Magazine article Washington Report on Middle East Affairs

Canada Calling: Russian Jews Look to Canada for Asylum

Magazine article Washington Report on Middle East Affairs

Canada Calling: Russian Jews Look to Canada for Asylum

Article excerpt

Canada Calling: Russian Jews Look to Canada for Asylum

Hundreds of Israeli citizens of Russian origin have successfully claimed refugee status in Canada over the past five years. According to a recent report in the Canadian newsmagazine Maclean's, the Federal Immigration and Refugee Board has heard a total of 1,655 claims from Israeli citizens between 1992 and 1995. During this period independent federal tribunals granted refugee status to 726 of these claimants.

The report suggested, however, that pressure from Canadian Jews has put a damper recently on the rate of acceptance. Successful applicants have to convince an independent tribunal that they fit the Geneva Convention definition of a refugee -- the person must have a "well-founded fear of persecution" in the country from which he or she is claiming asylum.

Over the past seven years more than 500,000 Russian Jews have gone from the former Soviet Union to Israel. The social tensions resulting from the influx reportedly have created a hostile environment for Russian Jews in Israel. The plight of Russian Jews first was highlighted at the official government level in Canada by a study entitled Israel: Jews from the Former Soviet Union, prepared by the Refugee Board's research directorate.

The report, made public in February 1993. claimed that the unemployment rate within this group was between 30 and 40 percent and that Russian children reported verbal and even physical abuse from their classmates in Israel. The paper also concluded that certain preferential treatment accorded to Russian Jews -- tax exemptions, better mortgage conditions, etc. -- had created resentment among Jew's from North Africa, the Middle East and other groups who make up the lower strata of Israeli society.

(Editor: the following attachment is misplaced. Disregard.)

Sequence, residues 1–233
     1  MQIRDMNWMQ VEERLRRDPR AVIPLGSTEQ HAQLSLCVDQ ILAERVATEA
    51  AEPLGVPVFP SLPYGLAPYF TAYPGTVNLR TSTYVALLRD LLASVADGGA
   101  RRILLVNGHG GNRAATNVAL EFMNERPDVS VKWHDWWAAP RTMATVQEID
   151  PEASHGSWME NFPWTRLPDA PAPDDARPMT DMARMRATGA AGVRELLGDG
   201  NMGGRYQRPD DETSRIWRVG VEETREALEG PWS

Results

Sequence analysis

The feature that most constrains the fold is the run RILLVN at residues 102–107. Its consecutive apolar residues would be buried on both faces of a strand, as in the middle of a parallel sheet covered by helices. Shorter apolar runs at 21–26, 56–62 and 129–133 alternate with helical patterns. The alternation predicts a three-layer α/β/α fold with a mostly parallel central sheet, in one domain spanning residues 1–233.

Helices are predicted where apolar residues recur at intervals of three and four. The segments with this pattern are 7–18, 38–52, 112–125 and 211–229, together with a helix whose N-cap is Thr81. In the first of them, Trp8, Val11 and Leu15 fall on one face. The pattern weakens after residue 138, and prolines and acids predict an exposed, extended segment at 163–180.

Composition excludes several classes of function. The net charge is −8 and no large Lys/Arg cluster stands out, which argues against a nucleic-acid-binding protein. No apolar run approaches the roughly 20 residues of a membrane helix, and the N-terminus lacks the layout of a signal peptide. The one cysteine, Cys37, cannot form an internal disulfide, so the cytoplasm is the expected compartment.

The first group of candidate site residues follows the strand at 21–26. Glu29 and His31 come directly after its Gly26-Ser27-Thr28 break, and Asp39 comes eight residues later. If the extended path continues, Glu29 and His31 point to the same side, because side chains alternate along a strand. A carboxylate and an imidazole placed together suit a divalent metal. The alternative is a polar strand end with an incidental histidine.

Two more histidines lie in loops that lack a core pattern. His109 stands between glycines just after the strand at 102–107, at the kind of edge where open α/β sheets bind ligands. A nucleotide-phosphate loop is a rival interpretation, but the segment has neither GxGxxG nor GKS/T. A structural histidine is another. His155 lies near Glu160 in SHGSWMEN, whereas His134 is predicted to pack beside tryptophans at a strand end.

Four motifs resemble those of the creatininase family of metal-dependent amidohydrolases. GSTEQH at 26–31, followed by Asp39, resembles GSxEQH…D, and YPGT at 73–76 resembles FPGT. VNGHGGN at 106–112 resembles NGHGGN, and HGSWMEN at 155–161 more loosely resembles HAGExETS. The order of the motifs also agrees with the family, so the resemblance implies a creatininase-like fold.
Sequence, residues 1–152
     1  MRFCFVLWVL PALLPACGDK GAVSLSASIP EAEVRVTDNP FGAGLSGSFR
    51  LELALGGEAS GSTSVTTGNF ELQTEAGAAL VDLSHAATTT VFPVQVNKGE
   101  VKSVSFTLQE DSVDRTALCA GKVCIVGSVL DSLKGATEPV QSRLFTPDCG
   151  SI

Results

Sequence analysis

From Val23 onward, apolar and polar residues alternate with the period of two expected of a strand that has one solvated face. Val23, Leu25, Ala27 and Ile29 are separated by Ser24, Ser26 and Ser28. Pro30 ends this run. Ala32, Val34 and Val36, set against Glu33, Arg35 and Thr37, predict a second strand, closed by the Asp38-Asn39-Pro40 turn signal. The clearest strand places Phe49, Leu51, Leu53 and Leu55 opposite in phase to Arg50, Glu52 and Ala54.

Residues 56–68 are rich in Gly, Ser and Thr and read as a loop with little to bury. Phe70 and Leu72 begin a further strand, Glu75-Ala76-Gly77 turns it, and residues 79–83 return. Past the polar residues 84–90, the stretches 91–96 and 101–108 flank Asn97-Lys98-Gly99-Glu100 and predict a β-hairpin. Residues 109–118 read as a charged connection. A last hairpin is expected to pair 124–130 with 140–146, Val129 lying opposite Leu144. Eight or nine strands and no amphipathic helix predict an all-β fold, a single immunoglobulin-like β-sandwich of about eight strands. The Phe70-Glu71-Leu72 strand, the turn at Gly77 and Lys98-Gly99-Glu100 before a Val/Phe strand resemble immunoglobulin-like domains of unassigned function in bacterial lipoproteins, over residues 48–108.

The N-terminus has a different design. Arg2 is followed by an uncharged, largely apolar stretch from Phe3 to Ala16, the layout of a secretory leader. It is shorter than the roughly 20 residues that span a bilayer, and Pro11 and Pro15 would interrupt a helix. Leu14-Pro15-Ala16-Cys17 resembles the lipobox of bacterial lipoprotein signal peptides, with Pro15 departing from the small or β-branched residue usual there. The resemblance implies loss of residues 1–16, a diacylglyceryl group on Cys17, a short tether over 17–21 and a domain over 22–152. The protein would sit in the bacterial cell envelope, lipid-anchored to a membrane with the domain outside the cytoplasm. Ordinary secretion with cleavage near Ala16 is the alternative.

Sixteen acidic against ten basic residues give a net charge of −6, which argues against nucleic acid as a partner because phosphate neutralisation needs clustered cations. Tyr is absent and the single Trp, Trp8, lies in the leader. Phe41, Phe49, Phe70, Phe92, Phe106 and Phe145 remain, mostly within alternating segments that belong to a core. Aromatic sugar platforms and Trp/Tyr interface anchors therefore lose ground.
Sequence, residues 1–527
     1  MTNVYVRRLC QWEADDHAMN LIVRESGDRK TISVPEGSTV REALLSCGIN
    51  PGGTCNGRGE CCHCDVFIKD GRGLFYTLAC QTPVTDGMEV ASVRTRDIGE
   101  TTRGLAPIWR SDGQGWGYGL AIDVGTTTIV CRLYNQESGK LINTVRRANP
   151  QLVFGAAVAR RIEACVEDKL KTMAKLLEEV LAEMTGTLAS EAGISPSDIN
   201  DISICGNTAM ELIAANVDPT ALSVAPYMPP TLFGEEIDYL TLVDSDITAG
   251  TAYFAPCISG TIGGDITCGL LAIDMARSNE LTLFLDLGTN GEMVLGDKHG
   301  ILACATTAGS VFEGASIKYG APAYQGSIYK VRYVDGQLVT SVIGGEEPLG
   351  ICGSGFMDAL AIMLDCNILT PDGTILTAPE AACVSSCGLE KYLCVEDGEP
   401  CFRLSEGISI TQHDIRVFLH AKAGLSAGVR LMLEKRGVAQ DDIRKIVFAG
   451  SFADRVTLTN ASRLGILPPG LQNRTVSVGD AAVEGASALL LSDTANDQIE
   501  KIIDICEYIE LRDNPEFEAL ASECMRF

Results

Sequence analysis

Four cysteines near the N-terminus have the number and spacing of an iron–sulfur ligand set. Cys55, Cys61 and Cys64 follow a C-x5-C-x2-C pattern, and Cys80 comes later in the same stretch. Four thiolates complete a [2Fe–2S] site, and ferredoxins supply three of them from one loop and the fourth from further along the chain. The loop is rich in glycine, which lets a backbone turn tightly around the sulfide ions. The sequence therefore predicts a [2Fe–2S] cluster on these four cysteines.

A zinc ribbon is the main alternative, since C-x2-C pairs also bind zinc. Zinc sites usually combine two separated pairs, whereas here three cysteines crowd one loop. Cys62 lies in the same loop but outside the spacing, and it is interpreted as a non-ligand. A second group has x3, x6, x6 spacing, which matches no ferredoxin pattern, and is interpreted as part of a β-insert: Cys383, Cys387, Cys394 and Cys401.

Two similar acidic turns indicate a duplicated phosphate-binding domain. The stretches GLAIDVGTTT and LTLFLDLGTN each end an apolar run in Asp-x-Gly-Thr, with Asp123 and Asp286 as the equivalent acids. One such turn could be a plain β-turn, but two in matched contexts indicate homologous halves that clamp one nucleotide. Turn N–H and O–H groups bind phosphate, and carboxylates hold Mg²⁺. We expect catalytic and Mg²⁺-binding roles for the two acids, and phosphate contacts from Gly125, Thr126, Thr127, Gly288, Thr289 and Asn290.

Supporters of Israel have been upset over the perceived liberal approach of the Canadian tribunals. Adam Szweras, media relations office for the Israeli consulate in Toronto. told the Washington Report that "Israel is not a refugee-producing country." He added that there are "no valid refugee claims from Israelis."

Paul Hardy, regional public affairs officer for Canada's Immigration and Refugee Board, disagrees with Szweras. "I don't know what a refugee-producing country is," said the Board spokesperson. "Every case is heard on its own merits using criteria set out in the United Nations Convention."

The feelings expressed by the Israeli consulate are shared by many members of the Canadian Jewish community, presently estimated to be more than 400,000. …

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